Following the Capitals tough loss to the Calgary Flames on Nov. 20, head coach Barry Trotz made a few changes to his lineup, most notably putting Alex Ovechkin, Nicklas Backstrom and Tom Wilson on his top line. While reuniting Ovechkin and Backstrom generated headlines, the unsung player in that trio has been Tom Wilson, who is putting together his best offensive season as an NHL player.
Through 22 games, Wilson has scored eight points (2g, 6a) and he's averaging 0.36 points-per-game. His previous career high for points-per-game came in the 2015-16 season when he averaged 0.28 points-per-game, and finished the season with 23 points (7g, 16a).
Wilson's development has been steady over the course of his career, going from a top prospect to a fourth-line player to now playing on Washington's top line.
Video: TBL@WSH: Ovechkin blasts one-timer past Vasilevskiy
"I think every year you play in the league you get a little more comfortable and you sort of adapt to the level of play," Wilson said. "When you come out of junior it can be pretty overwhelming, it's really fast and high-paced. Coming into my fifth season I've had seasons where I've been a little more offensive than others, but I've just tried to work on being more comfortable with the puck and taking my time with it. You learn how to play out there and the spots you can go to make things happen.
"Watching guys in our locker room like Osh and Nicky and how smart they are in the areas they go to score goals. This season's been pretty good so far. For me it's just going out there and playing as hard as I can and making a play when it needs to be made, and hopefully the puck goes into the net."
Video: EDM@WSH: Orlov buries Wilson's fantastic dish
Immediately following the lineup change, the Capitals ripped off three wins in a row, with a substantial amount of production coming from the team's top line.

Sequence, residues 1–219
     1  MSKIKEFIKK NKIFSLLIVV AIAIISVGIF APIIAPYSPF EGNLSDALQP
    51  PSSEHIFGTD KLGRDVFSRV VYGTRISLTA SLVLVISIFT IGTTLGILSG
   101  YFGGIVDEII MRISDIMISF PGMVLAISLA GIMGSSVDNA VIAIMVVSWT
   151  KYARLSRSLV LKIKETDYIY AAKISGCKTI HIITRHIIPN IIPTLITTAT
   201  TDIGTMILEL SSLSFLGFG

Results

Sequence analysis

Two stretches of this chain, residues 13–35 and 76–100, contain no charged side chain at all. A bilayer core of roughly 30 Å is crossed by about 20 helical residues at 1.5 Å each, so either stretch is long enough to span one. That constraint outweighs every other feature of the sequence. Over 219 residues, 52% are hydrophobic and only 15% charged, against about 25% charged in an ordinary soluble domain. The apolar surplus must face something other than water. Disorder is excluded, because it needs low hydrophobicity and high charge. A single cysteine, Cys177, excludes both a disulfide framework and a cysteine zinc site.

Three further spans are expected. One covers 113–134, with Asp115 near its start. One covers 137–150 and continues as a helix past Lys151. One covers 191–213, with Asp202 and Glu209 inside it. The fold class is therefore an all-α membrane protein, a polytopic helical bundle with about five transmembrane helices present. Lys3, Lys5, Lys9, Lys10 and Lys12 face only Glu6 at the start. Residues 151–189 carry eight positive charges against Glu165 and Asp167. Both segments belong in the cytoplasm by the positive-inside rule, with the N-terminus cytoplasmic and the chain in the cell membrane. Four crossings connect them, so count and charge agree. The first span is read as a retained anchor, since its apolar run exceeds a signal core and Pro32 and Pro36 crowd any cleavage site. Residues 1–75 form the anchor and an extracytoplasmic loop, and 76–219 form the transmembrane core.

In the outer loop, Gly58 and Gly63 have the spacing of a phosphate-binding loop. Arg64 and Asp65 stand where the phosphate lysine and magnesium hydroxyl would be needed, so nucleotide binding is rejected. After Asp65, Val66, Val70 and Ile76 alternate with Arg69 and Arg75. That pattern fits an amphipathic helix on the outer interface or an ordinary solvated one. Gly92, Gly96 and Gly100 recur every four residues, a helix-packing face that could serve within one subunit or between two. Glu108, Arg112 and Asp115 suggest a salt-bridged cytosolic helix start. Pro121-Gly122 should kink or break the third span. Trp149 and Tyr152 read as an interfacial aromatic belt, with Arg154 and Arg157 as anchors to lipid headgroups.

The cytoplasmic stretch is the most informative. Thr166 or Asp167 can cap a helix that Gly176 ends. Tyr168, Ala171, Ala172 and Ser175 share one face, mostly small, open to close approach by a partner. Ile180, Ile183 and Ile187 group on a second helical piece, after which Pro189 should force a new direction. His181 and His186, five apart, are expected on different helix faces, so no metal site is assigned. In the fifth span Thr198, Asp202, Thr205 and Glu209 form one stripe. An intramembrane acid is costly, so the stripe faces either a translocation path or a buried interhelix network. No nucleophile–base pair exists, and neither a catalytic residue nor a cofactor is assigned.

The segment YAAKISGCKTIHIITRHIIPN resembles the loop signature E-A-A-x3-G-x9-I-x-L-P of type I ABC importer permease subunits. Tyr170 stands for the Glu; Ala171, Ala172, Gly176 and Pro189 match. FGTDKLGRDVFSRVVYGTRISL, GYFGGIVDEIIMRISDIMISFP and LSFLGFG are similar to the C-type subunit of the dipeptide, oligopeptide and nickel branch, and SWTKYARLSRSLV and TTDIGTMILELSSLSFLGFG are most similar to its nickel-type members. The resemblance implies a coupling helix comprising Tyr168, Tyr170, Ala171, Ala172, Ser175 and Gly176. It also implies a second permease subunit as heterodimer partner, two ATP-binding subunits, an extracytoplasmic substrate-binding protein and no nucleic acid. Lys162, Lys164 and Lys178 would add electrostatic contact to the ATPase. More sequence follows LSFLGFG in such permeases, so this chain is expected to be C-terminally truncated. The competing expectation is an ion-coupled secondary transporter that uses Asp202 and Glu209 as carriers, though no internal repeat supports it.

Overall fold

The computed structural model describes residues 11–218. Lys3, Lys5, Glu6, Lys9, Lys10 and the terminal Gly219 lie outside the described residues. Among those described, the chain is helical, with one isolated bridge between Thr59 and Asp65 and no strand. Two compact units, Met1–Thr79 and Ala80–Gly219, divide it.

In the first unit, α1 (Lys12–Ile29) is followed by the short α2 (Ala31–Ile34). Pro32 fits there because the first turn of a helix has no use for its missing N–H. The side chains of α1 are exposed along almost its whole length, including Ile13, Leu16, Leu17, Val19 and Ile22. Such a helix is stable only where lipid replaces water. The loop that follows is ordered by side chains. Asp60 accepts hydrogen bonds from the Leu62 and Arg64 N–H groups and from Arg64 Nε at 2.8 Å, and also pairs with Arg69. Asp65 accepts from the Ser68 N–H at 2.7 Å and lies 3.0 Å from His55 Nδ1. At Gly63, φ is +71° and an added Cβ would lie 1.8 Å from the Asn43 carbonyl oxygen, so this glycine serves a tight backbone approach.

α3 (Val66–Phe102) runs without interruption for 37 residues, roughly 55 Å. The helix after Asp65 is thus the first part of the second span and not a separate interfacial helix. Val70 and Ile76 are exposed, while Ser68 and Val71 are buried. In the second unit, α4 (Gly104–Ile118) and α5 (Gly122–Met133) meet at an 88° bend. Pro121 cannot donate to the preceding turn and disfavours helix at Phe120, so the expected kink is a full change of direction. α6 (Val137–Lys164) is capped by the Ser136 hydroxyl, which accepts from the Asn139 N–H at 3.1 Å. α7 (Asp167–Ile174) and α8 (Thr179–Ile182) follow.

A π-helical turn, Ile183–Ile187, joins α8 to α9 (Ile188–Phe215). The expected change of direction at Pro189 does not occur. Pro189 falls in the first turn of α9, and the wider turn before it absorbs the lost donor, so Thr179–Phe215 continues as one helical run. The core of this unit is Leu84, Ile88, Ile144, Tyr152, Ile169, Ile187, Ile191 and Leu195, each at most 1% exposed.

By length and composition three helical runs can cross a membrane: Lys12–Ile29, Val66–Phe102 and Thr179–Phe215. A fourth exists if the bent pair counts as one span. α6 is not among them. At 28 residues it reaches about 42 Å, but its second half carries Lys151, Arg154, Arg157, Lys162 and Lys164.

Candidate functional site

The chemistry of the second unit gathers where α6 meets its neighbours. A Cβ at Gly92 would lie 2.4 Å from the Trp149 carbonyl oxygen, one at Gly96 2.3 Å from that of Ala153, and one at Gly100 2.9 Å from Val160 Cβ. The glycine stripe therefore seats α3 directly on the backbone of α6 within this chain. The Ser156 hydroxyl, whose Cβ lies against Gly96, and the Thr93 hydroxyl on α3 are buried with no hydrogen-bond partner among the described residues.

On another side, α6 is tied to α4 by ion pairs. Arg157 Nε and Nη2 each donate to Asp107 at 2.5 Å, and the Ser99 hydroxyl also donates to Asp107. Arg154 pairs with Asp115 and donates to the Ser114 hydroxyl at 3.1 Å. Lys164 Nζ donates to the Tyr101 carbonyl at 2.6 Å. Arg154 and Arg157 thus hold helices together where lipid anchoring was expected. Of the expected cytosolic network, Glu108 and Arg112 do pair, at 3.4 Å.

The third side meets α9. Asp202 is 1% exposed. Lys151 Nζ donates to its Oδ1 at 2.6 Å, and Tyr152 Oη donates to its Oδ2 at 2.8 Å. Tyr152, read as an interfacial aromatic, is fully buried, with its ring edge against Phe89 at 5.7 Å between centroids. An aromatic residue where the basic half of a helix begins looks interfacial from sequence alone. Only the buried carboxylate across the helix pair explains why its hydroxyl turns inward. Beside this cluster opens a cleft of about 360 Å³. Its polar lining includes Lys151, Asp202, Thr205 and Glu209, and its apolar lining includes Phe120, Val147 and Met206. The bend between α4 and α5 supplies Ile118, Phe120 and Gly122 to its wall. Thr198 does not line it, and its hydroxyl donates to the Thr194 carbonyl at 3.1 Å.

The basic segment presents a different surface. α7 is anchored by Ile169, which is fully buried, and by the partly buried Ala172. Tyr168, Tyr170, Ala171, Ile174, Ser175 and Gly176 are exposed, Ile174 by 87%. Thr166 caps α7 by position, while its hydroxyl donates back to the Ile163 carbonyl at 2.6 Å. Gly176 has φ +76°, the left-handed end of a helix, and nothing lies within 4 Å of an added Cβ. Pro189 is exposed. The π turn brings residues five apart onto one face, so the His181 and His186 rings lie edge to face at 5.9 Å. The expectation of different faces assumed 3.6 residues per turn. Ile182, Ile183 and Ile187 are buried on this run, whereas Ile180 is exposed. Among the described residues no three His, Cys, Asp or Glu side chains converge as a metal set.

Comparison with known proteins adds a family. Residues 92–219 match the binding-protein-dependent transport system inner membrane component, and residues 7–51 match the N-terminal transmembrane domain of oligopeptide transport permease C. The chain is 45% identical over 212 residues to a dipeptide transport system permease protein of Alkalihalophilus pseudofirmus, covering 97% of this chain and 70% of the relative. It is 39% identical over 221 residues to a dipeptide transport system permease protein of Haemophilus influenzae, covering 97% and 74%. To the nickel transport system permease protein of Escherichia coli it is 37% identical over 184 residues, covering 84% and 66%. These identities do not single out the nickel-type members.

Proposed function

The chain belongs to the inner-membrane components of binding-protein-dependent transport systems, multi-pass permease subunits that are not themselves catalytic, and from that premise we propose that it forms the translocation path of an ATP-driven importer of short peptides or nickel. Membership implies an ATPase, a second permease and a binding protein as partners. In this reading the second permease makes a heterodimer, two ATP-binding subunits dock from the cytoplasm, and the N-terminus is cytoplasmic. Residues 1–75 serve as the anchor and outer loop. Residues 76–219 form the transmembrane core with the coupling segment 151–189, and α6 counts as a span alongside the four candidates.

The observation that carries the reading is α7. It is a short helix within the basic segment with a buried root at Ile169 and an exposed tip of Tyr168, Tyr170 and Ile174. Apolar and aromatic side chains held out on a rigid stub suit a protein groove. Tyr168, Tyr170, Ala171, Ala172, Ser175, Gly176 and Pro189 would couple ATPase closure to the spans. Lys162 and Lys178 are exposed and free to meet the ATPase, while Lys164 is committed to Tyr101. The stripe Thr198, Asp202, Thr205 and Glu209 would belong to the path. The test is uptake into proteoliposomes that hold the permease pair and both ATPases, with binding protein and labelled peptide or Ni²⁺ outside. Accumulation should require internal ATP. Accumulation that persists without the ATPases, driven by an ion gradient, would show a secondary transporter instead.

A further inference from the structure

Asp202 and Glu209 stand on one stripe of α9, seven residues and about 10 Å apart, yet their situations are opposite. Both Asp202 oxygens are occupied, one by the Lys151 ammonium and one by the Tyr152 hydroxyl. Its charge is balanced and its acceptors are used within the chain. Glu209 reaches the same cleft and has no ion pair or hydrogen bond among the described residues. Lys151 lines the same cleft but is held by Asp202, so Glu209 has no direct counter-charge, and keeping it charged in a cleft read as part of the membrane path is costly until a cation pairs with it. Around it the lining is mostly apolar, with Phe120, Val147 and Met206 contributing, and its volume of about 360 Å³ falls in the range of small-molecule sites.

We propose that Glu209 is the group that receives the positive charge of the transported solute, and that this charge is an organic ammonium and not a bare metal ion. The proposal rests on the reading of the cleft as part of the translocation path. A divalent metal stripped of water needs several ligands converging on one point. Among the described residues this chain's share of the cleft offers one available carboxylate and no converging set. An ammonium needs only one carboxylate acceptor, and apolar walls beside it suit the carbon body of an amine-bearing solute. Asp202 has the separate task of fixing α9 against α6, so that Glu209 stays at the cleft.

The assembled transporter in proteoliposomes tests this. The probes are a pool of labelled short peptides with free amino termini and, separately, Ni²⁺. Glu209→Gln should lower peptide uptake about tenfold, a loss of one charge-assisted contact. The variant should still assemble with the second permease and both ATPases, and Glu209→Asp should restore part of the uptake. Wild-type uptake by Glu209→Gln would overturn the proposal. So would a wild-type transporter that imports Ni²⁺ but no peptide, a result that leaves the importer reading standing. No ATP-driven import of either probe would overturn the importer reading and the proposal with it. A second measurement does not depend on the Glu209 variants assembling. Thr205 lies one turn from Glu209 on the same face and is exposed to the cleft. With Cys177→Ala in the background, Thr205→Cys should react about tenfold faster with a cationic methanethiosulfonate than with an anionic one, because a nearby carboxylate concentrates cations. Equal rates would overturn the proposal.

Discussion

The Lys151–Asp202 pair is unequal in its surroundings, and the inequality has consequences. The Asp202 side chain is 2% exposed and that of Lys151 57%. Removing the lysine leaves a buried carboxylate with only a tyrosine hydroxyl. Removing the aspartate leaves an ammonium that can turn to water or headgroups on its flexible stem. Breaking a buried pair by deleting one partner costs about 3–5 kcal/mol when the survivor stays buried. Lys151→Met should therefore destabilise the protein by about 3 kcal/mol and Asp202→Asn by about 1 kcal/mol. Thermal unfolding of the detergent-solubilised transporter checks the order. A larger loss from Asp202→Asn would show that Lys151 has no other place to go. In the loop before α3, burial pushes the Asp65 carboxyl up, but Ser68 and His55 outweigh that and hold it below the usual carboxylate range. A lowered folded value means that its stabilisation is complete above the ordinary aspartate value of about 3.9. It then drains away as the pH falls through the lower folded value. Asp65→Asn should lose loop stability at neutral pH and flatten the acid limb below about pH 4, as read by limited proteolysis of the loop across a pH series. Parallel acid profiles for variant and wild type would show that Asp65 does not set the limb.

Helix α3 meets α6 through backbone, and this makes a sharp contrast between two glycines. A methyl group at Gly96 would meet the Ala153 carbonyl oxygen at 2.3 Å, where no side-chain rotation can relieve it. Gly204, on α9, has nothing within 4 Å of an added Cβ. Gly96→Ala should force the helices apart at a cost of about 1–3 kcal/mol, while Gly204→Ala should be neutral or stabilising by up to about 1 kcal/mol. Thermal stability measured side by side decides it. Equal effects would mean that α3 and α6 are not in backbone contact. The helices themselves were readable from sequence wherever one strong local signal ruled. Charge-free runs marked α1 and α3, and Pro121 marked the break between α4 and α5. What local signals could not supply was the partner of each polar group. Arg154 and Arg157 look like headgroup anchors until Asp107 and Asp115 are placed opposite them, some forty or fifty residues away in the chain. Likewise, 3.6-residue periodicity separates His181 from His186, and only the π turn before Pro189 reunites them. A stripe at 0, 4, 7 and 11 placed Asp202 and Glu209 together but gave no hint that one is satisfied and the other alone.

Through the first four games of Ovechkin, Backstrom and Wilson playing on the top line together, the trio has generated a 54.54 shot attempts percentage at five-on-five (53 shot attempts for, 44 shot attempts against). The line has also produced a 60 percent high-danger scoring chances for percentage (nine high-danger scoring chances for, six against).
"Backstrom and Ovechkin are two world class players," Wilson said. "When they have the puck you know it's in good hands, so my job is a little bit more of getting the puck back and creating space for them. Nicky is one of the smartest players in the game right now, and when he has the puck you've just got to get open and start thinking about your next play because he'll get it to you and then you've got to make things happen. Then you've got one of the best goal scorers of our generation, so they complement each other very well and whatever I can do to bring to that line I'm just going to try to bring energy and move my feet and create space for them."
Video: WSH@BOS: Wilson deflects Orpik's shot home bar-down
With Wilson's 6'4", 218-pound frame, he's able to use his style as a power forward to carve out space close to the net to create more scoring chances for Ovechkin and Backstrom. Wilson's average shooting distance of 29.5 feet is the fourth shortest distance among players with at least 20 games played on the team, while Ovechkin ranks 12th at 32.7 feet, and Backstrom ranks 14th at 33.0 feet.
"So far it's been great having him on the line with me and Ovi," Backstrom said. "He's a great fore-checker, he forechecks really hard and he's great at getting the puck back for us. He's got a lot of skill that he hasn't really had the opportunity to show so far. It's great to have him on our line and I definitely feel safe out there."
As Wilson has improved his game offensively, head coach Barry Trotz has put Wilson on the ice more this season than he has in any year of his career. Through 22 games, Wilson is averaging 14:47 minutes per game, which is nearly two minutes more than he averaged in 2016-17. Although the increased playing time brings added wear and tear, Wilson welcomes the challenge and relishes the added responsibility.
Video: WSH@BOS: Wilson sinks loose puck on sharp angle
"It's still an adjustment playing more this year," Wilson said. "We just played a back-to-back last week and I played 16 minutes and 18 minutes back-to-back, so it's definitely a little different than playing nine and 10 minutes on back-to-back nights. You have to be in better shape and keep your feet moving and you've got to take care of your body. It's a little different but I obviously enjoy it. I've got more responsibility and opportunities. When you're out on the ice for that many minutes a lot more stuff happens, you're dealt more scenarios and situations, and it's more exciting to grow my game and take that responsibility and work with it."